The closest knowledge I had about Norse mythology before reading Neil Gaiman’s Norse Mythology was from the TV show Vikings and the hero Thor in The Avengers and Thor movies. The portrayal of the various gods and goddesses provides each significance and makes her/him stand out among the diverse family of heroes and heroines. Some of these gods and goddesses are Odin, Loki, Thor, Njord Frey, Freya, Frigg, Balder, Tyr, Heimdall, the frost giants, Hel, the goddess of the dead, and the many others…In a way, it is easy to connect each god to reality, as Gaiman gives each a colorful personality that mirrors people and distinguishes each from one another. He makes it a thought-provoking read.
My intrigue with Norse Mythology has me looking forward to the game, God of War, releasing later this year. I have high hopes the game accurately portrays Norse mythology as it did Greek mythology and the gods and goddesses.
Gaiman does not take long before describing probably the most essential element in the Norse world – the Tree of Life or Yggdrasil – the place where the gods and goddesses live; this is also considered their sacred and eternal tree. Branches stretch out, representing the nine worlds of Norse mythology. Interestingly, one of the roots, called Asgard, represents the home of the gods and goddesses. Urd’s well is the root next door and where they hold meetings. I recall many meetings from reading Gaiman’s book. He paints vivid pictures of the gods and goddesses and their personalities through their dialogue and the other interactions they have. If you are curious about the frost giants (one of, if not the main enemy of the Norse Gods), they have many discussions about these creatures in the book.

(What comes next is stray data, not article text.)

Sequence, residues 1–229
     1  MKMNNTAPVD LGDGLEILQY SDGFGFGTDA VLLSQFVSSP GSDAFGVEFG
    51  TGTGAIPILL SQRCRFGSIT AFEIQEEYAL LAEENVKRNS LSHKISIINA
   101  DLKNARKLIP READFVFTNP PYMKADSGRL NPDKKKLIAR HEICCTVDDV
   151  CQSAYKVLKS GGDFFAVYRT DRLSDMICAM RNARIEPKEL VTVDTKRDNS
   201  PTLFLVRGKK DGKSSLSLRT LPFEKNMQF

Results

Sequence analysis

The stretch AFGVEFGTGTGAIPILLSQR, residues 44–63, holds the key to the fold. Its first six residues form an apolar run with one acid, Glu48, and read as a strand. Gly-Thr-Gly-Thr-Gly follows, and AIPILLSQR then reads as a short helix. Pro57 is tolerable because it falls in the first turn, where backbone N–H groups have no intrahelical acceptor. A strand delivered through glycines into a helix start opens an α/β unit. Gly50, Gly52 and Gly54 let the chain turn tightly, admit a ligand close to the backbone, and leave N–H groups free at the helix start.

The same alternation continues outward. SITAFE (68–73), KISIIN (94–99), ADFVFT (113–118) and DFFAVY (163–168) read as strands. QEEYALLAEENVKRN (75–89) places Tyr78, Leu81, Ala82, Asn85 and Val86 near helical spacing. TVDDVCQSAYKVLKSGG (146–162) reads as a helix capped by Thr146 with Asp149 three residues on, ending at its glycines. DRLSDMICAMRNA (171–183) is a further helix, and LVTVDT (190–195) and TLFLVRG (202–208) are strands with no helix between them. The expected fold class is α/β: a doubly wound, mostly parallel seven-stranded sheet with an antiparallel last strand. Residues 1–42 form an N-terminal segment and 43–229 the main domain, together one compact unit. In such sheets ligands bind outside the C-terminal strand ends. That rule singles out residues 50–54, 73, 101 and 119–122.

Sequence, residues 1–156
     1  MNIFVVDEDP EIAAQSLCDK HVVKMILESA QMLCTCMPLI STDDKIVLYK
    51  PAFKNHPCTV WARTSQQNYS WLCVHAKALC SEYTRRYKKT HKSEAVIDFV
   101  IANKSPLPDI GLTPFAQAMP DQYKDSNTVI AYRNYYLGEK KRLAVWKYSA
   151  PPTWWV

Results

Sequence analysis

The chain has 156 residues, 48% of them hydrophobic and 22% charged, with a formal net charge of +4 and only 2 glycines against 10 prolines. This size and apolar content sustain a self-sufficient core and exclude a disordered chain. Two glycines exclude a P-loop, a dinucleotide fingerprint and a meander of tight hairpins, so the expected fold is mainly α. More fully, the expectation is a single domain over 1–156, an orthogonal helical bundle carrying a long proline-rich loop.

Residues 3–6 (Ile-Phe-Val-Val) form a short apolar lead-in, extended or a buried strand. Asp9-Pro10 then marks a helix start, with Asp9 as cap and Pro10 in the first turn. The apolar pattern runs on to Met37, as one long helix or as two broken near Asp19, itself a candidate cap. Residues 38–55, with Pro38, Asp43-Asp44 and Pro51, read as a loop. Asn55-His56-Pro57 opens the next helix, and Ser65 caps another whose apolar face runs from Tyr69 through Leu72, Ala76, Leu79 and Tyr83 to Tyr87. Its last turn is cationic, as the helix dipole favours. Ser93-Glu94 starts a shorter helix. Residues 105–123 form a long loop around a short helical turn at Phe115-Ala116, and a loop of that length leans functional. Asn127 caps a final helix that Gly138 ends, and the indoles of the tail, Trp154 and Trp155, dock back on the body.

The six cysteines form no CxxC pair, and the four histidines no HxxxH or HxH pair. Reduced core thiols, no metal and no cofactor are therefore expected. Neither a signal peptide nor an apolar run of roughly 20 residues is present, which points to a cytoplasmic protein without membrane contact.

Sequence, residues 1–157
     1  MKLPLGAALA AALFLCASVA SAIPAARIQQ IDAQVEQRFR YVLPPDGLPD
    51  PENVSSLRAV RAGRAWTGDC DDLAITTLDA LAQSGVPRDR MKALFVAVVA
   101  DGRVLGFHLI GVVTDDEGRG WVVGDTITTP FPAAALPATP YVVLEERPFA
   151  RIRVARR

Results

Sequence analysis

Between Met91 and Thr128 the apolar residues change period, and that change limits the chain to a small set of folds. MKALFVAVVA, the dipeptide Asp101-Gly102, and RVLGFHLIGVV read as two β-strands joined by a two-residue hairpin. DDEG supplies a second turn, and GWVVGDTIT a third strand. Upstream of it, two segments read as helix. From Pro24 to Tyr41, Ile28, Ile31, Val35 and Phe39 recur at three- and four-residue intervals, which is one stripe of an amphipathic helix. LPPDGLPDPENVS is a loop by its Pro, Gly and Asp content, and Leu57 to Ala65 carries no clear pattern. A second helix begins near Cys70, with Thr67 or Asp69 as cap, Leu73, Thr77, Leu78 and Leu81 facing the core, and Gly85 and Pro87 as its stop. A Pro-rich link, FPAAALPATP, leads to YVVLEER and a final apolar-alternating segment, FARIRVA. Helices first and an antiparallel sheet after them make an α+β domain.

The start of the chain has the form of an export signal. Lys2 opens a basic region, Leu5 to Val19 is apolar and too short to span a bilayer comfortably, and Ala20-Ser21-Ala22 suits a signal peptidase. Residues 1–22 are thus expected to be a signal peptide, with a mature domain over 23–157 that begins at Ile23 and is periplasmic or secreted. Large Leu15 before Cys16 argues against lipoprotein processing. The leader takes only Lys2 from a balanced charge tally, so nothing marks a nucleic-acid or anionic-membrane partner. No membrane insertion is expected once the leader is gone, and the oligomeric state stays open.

Though the book does not dive deep into details of each of the nine worlds, Gaiman manages to describe and provide enough details to understand the importance and place each world has, and how the gods and goddesses are impacted by the other worlds and the creatures and beings who inhabit them. I would like to have known more about the Elves and even the underworld, but I left satisfied with the insights and description provided for the nine worlds. Norse mythology is a huge world and would require multiple books to cover each world. The Rainbow bridge, also known as Bifrost, is guarded by the God of Foresight, Heimdall.
Neil Gaiman does not merely inform readers about Norse mythology but carves a story through the mythical world with rich detail and characterization. It is as if he is writing his own fiction of the Norse Gods; however, his description of the Norse gods and the stories are accurate. Loki and Thor actually drive much of the story, along with the gods’ issues with the frost and mountain giants. To stay spoiler free, I will not go into details, but if you are looking for an introduction to Norse Mythology, I would recommend this book. I would also recommend this book for those familiar with Norse Mythology; one who has examined the world of Norse mythology may not learn much new, but she/he should enjoy the enthusiasm Gaiman puts into the story-telling and imagery in this book.
Who can finish my list of Norse gods and goddesses below: